Workers Lament 1st Payday for Shorter Working Week

  • By Jang Hyeong-tae

    August 14, 2018 12:25

    Workers in big companies who got their first paycheck this month since their working week was shortened to a maximum of 52 hours are reeling from the shock.

    Most knew that overtime pay would be cut now that they no longer work the longest hours in the world, but not all realized quite by how much. Many posted complaints on the Cheong Wa Dae website and elsewhere online.

    In a straw poll by job search portal Incruit of 557 salaried workers, 18.1 percent said the biggest change of the shorter working week was a drop in pay.

    One 43-year-old staffer at a machine parts manufacturer in Gyeonggi Province saw his monthly pay drop about 18 percent from W3.83 million in June to W3.17 million last month (US$1=W1,134). His base pay of course remains unchanged at around W2.1 million, but overtime pay nearly halved from W1.55 million to W810,000. 

    One woman wrote on a web chat board for housewives in the steel city of Pohang, "I wept when I saw my husband's July paycheck. He used to earn W3 million a month working Saturdays and every other Sunday, but now he only earns W2 million."

    "After paying W600,000 a month to repay our debts and cover our credit card bills, we are left with nothing," she added. "How can we possibly enjoy our evenings when we have no money to spend?"

    The aim of the reduction in working hours was to prevent employees from working themselves to the bone like the woman's husband, but some have clearly jumped from the frying pan into the fire.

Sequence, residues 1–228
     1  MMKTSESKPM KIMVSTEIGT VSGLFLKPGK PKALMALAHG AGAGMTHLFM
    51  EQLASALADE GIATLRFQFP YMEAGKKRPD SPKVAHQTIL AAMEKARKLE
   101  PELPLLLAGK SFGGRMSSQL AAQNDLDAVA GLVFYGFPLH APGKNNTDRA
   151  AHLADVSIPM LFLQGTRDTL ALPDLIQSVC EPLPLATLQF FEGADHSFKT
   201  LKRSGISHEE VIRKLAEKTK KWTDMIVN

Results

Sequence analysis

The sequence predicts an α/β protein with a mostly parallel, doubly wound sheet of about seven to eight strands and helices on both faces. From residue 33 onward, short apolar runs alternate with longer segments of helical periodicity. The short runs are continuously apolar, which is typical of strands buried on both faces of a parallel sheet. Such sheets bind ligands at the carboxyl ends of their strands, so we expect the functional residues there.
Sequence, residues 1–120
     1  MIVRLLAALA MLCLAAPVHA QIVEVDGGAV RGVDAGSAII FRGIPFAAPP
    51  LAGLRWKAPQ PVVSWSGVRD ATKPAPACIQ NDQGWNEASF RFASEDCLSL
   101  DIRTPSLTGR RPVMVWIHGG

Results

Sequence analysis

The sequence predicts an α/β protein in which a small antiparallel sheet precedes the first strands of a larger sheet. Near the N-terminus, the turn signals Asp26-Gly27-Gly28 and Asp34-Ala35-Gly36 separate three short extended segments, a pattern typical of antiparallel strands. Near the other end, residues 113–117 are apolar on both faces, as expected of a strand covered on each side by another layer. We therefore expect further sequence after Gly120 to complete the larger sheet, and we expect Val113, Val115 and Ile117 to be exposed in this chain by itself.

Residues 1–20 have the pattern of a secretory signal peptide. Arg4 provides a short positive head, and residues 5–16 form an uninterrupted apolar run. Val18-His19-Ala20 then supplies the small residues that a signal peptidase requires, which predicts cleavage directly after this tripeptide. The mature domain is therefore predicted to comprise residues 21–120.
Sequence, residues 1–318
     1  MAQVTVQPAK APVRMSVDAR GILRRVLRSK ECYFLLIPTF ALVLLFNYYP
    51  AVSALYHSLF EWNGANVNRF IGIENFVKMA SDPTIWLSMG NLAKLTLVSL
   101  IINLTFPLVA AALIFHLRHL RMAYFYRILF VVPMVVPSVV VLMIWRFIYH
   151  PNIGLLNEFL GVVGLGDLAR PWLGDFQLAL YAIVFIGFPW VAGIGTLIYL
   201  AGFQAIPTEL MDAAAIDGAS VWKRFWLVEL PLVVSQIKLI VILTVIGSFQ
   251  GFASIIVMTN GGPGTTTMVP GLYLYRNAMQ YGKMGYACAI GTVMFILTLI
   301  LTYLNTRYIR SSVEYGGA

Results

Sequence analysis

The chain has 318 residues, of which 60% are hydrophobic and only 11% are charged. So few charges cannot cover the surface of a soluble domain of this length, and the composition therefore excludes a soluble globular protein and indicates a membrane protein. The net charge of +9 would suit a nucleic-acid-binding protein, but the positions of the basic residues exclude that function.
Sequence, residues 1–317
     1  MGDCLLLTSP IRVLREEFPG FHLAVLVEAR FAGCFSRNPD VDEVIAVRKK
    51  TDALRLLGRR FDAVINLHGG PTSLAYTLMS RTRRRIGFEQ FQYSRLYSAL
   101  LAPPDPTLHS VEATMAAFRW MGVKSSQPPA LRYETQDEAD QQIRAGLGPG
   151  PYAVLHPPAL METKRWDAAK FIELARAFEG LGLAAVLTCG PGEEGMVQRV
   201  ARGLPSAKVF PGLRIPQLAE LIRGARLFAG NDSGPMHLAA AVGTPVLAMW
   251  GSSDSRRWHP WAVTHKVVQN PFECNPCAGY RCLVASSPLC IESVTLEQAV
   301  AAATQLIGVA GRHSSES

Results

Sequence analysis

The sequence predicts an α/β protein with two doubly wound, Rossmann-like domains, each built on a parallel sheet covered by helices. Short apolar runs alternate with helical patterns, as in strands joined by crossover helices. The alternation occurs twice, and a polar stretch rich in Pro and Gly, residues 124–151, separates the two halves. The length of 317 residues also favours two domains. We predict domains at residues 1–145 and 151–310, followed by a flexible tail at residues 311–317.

Some experts project a widening income gap between workers at major conglomerates, who enjoy rock-solid salaries and benefits, and those employed at mid-size companies who often rely on overtime to make ends meet.

    Samsung, Hyundai Motor, SK Telecom and other major conglomerates agreed with their unionized workers to maintain their existing pay even with the shorter working week, but not all employers are so rich or enlightened and not all workers are protected by powerful unions.

    One official at the Korea Federation of SMEs said, "Workers at small and mid-sized companies earn only 60 percent of what employees of major business conglomerates make. We will see the wage gap widen in the future."

    The working week was capped at 52 hours in July for companies with more than 300 employees, while companies with 50 to 300 workers will wait until 2020.

    Another aim was to encourage hiring to make up for any shortfall in productivity. But the state-run Korea Development Institute predicts that the number of jobs will shrink by 3,000 in 2019 and another 233,000 jobs will disappear by the time smaller employers shorten the working week.

    One mid-sized food manufacturer in Gyeonggi Province is already rushing to automate its production lines in anticipation of the shorter working week.

    The government is offering incentives for two years for employers and employees. It will provide up to W800,000 a month per extra worker employers hire and W400,000 for employees to make up for their lost wages. But so far not many employers have bitten. 

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